Arrowstreet invited Dennis Carlberg to speak to the firm about his efforts as the Director of Sustainability at Boston University. I was able to attend the discussion and I wanted to share the exciting things that are going on at this large university. As with any university or institutional campus, BU has a large environmental impact. BU understands it is important to reduce that footprint and in 2009 they created the Director of Sustainability position to do just that. Dennis Carlberg, the first to hold this position, jumped right into the role and has facilitated several programs over the last four years to create sustainable awareness and action on campus. Carlberg noted that one of the first things necessary to determine how to reduce the university’s footprint was to know exactly what their impact was. They assessed exactly how much energy, water, and waste that the university consumed and produced. Once that was determined then they could measure their success of the programs.

One program that the university established is Ten Sustainable Actions which challenges the campus community to address one action each month. Schools or organizations on campus can compete to outdo each other to meet the sustainable goal. Another BU program is greening of the campus food services. BU has four of the thirteen 4-star Certified Green Restaurants in the country. In addition to programs that look at campus operations the university has looked at planning and infrastructure programs. For existing buildings, the revolving loan fund allows buildings to make energy efficiency upgrades and payback the loan through the energy savings that are achieved with the upgraded systems. For newly constructed buildings BU utilizes the LEED certification system to assess the green design.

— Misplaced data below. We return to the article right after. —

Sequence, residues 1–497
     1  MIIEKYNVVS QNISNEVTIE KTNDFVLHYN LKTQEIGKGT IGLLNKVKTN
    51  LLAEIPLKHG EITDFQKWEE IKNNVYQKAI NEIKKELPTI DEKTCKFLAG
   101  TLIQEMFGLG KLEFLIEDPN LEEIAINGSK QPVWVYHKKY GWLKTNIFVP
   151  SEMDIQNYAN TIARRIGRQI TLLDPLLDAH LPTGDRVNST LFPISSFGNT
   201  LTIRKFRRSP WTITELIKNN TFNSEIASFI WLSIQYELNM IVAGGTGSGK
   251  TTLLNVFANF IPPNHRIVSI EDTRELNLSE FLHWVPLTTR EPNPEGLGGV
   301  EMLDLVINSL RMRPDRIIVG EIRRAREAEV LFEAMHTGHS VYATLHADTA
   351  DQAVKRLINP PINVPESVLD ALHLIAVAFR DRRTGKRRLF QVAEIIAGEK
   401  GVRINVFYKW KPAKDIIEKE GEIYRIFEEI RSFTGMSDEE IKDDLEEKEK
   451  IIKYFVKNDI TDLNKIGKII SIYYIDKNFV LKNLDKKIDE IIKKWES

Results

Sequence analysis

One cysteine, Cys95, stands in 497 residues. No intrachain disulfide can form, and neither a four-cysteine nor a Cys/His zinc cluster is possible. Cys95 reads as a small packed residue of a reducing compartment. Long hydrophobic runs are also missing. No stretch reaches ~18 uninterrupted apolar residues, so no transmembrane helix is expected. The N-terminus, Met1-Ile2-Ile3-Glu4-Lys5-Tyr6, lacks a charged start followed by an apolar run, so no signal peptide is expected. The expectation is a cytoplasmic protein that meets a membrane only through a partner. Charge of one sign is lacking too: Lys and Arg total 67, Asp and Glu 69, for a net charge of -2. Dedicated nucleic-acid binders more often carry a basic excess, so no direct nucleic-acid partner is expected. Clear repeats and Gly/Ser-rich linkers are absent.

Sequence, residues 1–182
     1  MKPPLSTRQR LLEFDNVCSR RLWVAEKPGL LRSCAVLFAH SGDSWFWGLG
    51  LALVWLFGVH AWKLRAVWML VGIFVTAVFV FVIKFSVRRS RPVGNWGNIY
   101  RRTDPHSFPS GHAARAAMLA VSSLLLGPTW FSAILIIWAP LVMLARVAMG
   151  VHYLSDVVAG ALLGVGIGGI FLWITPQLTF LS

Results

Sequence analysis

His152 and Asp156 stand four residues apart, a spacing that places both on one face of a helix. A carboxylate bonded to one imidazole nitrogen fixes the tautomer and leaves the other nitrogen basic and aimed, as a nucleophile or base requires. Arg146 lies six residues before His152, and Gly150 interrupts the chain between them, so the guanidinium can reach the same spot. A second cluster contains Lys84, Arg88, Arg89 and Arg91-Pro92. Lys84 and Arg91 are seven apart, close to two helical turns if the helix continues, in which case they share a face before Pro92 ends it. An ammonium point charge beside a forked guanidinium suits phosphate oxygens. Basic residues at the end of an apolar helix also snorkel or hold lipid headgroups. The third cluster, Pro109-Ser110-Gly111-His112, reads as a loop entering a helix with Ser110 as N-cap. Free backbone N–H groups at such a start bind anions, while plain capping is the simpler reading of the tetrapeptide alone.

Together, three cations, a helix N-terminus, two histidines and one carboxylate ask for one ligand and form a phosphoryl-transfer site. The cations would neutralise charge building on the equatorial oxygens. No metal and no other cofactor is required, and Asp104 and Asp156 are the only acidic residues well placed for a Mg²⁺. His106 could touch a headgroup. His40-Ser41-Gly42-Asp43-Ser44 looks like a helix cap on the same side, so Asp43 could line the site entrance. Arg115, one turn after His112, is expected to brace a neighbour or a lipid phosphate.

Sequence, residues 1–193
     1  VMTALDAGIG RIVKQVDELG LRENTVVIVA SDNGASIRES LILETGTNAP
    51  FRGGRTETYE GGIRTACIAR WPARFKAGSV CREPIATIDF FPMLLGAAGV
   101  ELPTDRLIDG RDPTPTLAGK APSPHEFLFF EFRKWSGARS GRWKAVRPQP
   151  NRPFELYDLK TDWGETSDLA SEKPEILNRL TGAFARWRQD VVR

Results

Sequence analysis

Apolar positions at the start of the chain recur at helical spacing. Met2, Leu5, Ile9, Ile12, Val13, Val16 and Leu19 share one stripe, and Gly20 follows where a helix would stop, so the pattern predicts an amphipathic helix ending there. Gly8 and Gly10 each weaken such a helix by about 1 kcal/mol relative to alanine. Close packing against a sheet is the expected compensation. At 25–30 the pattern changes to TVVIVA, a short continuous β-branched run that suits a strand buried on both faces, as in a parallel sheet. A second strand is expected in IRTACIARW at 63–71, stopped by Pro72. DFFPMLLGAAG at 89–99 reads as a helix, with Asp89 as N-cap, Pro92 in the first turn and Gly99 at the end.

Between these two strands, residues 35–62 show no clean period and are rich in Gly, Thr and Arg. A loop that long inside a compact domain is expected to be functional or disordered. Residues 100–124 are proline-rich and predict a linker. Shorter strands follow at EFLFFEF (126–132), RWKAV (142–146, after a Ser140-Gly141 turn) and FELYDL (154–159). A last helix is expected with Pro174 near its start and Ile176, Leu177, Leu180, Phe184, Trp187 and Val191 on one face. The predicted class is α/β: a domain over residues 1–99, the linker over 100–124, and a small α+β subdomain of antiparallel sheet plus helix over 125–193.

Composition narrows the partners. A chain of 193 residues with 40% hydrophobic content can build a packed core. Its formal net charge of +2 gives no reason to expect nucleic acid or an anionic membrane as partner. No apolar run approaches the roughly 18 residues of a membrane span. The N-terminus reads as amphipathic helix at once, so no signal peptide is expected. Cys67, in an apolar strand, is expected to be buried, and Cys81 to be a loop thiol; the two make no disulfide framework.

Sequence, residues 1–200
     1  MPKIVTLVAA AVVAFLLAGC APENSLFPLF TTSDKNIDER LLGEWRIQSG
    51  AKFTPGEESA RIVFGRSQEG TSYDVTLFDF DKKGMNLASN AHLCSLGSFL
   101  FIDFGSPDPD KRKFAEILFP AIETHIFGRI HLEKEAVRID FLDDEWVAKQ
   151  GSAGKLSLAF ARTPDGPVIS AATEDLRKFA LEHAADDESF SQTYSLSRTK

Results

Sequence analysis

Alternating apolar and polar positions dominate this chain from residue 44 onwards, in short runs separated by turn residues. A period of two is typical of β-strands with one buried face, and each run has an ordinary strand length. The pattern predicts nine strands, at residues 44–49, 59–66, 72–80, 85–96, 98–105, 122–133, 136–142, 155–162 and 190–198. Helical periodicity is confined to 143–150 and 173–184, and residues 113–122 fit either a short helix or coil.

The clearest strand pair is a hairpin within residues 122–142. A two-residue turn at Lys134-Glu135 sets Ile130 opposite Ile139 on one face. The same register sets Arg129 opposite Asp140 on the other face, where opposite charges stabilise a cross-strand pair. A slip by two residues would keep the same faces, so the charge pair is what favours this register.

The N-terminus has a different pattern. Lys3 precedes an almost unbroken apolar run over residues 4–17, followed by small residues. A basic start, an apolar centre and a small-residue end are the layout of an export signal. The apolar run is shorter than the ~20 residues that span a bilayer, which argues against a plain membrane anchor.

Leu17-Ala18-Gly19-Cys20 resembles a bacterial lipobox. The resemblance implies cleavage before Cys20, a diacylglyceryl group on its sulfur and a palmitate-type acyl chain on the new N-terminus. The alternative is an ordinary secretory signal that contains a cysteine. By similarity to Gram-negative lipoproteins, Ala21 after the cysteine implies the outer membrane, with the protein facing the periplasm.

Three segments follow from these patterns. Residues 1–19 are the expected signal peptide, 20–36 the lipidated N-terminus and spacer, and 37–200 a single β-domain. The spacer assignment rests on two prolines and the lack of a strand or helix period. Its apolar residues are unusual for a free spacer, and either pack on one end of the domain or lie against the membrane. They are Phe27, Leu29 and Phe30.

The BU programs are universal and can be applied to any university, institution or corporate campus. I look at these programs and think what can be learned from them that I can bring to Arrowstreet and the architecture that we design. We can understand how the layout and size of spaces has impacted the ability to implement these programs. For example making sure there are spaces to facilitate recycling programs or multi-function spaces for collaborative environments. We can also study the way individual buildings work with a large campus network and what it is that makes certain buildings perform better.

To learn more about BU’s efforts, visit http://www.bu.edu/sustainability/.

Topics: Sustainability